It seems that more distractions for drivers (and pedestrians) are appearing all the time. A popular new mobile app game called Pokémon Go is putting people at risk of walking and driving accidents, according to recent news reports.
As Hayley Tsukayama reports for The Washington Post, during game play, little Pokémon monsters appear on your smartphone screen, through its camera, as you walk or drive through a real-world area. The object of the augmented-reality game is to capture these creatures in real-world locations by throwing Pokéballs at them, which you acquire at the real-world locations.
Danika Worthington writes for The Denver Post that the game is huge in Denver, where there are several PokéStops clustered downtown. If you are playing the mobile game, you won’t be able to walk down 16th Street Mall without the game vibrating your phone to alert you of the locations, which include the U.S. Mint, The Denver Post, the bust of Robert W. Speer (a Denver mayor in the early 20th Century) on the second floor of the City and County Building, and the Capitol building’s gym.
Pokémon Go Injuries
The game, which reached the top of the charts for free iOS apps, has led to the unexpected side effect of Pokémon-related injuries. The Associated Press has published reports of one 21-year-old man falling off his skateboard, a young woman injuring her ankle after falling into a sidewalk hole, and a woman bruising her shin after tripping over a cinderblock used as a restaurant doorstop. Tsukayama quotes one game player, a pedestrian, writing in a post on the Pokémon Go subreddit:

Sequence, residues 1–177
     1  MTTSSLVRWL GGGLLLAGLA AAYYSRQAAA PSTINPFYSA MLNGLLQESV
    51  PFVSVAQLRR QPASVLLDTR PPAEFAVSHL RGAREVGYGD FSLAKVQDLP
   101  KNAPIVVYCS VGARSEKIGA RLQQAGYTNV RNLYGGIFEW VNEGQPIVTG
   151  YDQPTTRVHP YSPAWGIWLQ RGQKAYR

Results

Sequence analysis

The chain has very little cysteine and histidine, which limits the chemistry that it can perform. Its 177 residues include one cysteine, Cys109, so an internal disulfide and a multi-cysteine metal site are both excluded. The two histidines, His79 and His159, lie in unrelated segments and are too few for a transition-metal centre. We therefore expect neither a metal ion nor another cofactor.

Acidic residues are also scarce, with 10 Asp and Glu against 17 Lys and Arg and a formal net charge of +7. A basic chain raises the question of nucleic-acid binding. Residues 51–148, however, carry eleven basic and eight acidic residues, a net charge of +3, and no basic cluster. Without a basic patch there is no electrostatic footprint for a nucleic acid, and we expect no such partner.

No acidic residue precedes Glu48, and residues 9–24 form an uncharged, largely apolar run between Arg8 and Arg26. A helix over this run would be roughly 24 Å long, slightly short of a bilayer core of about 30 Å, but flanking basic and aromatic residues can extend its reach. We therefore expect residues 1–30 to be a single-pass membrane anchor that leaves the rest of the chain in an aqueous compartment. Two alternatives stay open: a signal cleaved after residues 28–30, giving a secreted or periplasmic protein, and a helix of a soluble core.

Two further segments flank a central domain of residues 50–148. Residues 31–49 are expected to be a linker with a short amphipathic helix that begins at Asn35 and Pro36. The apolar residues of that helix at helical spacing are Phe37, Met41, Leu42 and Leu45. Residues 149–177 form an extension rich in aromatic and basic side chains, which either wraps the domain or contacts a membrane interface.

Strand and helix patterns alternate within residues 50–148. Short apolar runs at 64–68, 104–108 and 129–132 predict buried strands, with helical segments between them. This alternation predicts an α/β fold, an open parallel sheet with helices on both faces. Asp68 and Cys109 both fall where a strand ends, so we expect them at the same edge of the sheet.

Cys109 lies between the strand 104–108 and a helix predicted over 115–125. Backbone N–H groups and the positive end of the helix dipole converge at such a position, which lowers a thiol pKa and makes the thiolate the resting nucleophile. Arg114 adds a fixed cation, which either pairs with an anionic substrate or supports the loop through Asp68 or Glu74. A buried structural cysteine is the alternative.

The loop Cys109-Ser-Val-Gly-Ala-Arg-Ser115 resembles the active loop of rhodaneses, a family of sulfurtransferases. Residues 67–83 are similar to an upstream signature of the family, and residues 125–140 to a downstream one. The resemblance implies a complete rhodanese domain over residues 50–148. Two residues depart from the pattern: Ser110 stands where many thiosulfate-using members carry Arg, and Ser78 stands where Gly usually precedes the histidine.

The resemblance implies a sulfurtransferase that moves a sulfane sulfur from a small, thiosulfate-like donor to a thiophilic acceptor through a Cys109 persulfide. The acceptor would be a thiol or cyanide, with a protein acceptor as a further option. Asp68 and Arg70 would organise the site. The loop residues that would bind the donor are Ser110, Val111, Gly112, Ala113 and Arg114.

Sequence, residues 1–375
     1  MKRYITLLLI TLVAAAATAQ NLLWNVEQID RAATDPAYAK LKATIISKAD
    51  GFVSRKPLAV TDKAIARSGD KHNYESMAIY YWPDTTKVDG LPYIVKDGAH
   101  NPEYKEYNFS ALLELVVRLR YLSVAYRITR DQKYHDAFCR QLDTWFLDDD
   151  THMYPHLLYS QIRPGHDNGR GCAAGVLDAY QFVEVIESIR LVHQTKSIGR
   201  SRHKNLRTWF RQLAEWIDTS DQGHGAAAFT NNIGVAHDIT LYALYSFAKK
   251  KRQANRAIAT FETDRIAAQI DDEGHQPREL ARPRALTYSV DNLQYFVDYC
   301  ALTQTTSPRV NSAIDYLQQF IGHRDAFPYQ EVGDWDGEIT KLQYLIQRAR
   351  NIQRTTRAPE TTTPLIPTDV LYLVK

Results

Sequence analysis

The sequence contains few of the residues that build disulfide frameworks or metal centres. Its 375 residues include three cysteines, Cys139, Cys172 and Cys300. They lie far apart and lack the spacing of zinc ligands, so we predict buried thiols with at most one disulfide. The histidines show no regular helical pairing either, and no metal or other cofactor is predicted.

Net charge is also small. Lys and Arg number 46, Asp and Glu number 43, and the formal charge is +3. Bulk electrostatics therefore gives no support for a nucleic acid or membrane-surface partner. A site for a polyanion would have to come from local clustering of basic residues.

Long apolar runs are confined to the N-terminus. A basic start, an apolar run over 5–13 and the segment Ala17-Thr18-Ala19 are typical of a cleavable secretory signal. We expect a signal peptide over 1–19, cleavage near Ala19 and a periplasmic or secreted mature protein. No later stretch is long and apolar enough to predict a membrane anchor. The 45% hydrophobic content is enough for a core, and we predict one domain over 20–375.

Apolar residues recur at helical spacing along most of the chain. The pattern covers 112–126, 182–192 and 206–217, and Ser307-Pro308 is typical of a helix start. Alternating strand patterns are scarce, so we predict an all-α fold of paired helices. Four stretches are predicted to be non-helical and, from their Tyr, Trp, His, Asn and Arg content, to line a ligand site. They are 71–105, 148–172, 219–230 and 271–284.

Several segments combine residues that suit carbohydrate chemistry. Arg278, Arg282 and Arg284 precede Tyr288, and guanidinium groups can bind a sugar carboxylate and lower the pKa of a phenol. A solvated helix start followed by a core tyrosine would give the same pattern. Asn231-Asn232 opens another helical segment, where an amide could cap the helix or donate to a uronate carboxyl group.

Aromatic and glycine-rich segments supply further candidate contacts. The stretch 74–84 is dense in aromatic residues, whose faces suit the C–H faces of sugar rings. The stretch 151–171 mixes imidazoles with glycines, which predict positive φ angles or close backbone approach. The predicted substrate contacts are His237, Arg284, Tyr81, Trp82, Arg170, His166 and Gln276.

Pokemon Go put me in the ER last night. Not even 30 minutes after the release last night, I slipped and fell down a ditch. Fractured the fifth metatarsal bone in my foot, 6-8 weeks for recovery. I told all the doctors I was walking my dog lol […] Watch where you’re going, folks!
In Colorado Springs, Colleen Sikora writes for KRDO.com that one player, Mike Zichler, said people get lost while looking at their phones while moving around. Player Portia Scovern told her: “You actually walk outside until you find Pokémon on the streets.”
Tsukayama writes that some people have reported about “mishaps” while seeking Pokémon and driving. She implores readers: “[D]o not Pokémon Go and drive.”
On a site called Fark.com, someone using the name UNC_Samurai writes about playing the game while driving on a road trip, including a visit to Colorado:
We’re taking a family road trip from NC to Colorado and Michigan. So far I’ve captured a Tennessee welcome center and a Shoney’s for Team Yellow.
Stopping in the Road
In an article for Jalopnik, titled “Pokémon Go Makes Driving a Lot More Dangerous,” Alanis King writes that it might be laughable, but the mobile game is giving drivers another way to be distracted:
This game couldn’t possibly have such an influence on how people drive — after all, they should know not to play while driving. But if you haven’t experienced this stuff for yourself, you simply can’t understand.
King relates that one recent night, she and her boyfriend were driving only to have a truck stop in front of them. When they walked over to the truck to see what was the matter, they saw its occupants were “collecting items at a PokéStop — while blocking the road.”
King then reveals that the real reason she and her boyfriend got out of their vehicle was because her boyfriend wanted to go for a walk to “catch” some Pokémon, and stopped at the same “PokéStop.”
She explains that the game is known for getting people to take walks to find its various creatures. But because people are basically lazy they wind up driving at 10 mph or slower, stopping on the road every few yards.
Washington State’s Department of Transportation tweeted on July 8 asking people not to play Pokémon Go while they are driving, according to CNET. On its Facebook page, Australia’s Northern Territory Police, Fire, and Emergency Services has also warned players to be careful.
The game is apparently so addictive that one man was playing it in his wife’s hospital room as she was getting ready to give birth. A commenter named Fuel_of_Satan writes below the Jalopnik article about the phenomenon of people getting injured while playing the game: “No amount of eyerolling, facepalming or headshaking can cover how I feel about this.”